Yong enrolled in a doctoral program at the University of Southern California between 1933 and 1936. She said her ambition was to be a great actress with a PhD. In the eyes of the public, her desire for advanced education helped to distinguish her from Chinese immigrants. It also positioned her as an equal to elite Chinese and American intellectuals.

Still of man and woman as appearing in Chinese magazine.
Soo Yong and Clark Gable in a still from ‘China Seas.’ Yong autographed it to ‘The Young Companion Pictorial,’ in November 1935, a popular magazine in the Republic of China. Image: Yunxiang Gao

Hollywood casting agents chose Soo Yong for visible roles in films produced by major studios, starring Hollywood icons such as Clark Gable, Greta Garbo, Mae West, Gary Cooper, John Wayne and Marlon Brando.

Despite her generally limited screen time, Yong frequently occupied within the first 10 spots on billing – the list of names at the bottom of an official poster – which testified to her respectability, popularity and great negotiation skills.

She worked up to the highest level of Hollywood stardom allowed for a non-white actress.

Two women sitting outside.
Eleanor Roosevelt and Madame Chiang Kai-shek in 1943 in Washington. Photo: Library of Congress

The highly influential 1943 visit to the United States by Madam Chiang Kai-shek, the American-educated first lady of the Republic of China, dominated the contentious process of representing Chinese womanhood.

Yong embodied Madam Chiang’s brand of glamour, defined by jewellery, high fashion, perfect English, advanced education, sophistication and a happy marriage.

In 1939, The Chinese Digest, the leading English-language Chinese publication in the United States, said Yong belonged to “Madame Chiang’s school” of women.

In 1941, Yong married C.K. Huang (黄春谷), a businessman who lived in Winter Park, Florida., after changes in immigration law enabled her to marry a Chinese citizen without losing her US citizenship.

With Huang, Yong ran the Jade Lantern, a successful Chinese novelty shop. Customers shopped there for a lifestyle associated with her glamour and were served by the star they recognized.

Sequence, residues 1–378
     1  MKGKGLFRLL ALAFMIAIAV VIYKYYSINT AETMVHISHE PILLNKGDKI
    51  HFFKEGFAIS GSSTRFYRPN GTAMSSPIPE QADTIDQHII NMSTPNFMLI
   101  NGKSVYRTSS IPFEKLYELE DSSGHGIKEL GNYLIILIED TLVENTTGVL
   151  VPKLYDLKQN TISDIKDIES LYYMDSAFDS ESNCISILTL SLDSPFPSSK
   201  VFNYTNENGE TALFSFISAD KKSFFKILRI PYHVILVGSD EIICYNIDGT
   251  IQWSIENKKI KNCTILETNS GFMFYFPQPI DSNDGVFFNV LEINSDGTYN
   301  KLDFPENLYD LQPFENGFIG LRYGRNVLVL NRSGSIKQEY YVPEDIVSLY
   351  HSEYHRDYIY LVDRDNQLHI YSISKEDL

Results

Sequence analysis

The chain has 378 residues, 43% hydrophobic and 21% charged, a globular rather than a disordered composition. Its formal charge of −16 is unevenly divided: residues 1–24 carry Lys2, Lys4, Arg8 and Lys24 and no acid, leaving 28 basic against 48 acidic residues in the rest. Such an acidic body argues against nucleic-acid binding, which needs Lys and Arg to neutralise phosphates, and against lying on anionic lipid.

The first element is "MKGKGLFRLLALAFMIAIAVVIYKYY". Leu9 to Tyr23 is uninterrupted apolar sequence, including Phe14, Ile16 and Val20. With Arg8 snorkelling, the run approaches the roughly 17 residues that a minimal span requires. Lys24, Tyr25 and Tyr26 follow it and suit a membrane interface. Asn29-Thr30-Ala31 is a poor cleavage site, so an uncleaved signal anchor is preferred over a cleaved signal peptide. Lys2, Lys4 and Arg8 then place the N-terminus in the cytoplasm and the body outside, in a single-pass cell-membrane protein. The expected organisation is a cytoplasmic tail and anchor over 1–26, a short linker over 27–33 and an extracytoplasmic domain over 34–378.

White Hollywood smitten

White Hollywood was smitten by Yong. She developed an educated, middle-class persona that contrasted with how Hollywood cast Wong. Unlike Wong, who often had to display bare skin and perform sexualized roles, Yong was always fully clothed and displayed sophisticated glamour in her roles. And unlike Wong, Yong never played parts that involved physical abuse or death.

Wong’s film persona, created for her by racist Hollywood casting decisions, irritated China’s Nationalist government. Yong’s screen roles presented a softer orientalism that allowed ethnic dignity and did not offend her Chinese American audience or her nationalist friends in China.

The Huangs visited China in 1948, recording two rare Cantonese operas while there, which were released on Folkways Records in 1960 and 1962. The Huangs lived in Winter Park until 1961, when they returned to Hawaii. That year, they were awarded the Rollins College Decoration of Honor for their community contributions.

After a series of smaller roles in 1950s Hollywood classics including Sayonara, Yong made a cameo in the 1961 film Flower Drum Song, a Hollywood milestone with a largely Asian cast. Yong secured small parts in four episodes of Hawaii Five-O between 1971 and 1978, in which her husband also appeared. She was also in two episodes on Magnum P.I. in 1981 when she was 78.

Huang died in 1980 while Yong passed away in 1984. The couple’s estate established scholarship funds at the University of Hawaii and at Rollins College.

Yong rejected western racist attitudes that associated being Chinese with ignorance and servitude and instead showed a cosmopolitan “Chinese woman at her best.”

Gao Yunxiang is a professor in the department of history at Ryerson University in Toronto, Canada.

This article is republished from The Conversation under a Creative Commons license. Read the original article.

The views and opinions expressed in this article are those of the author and do not necessarily reflect the official policy of China Factor.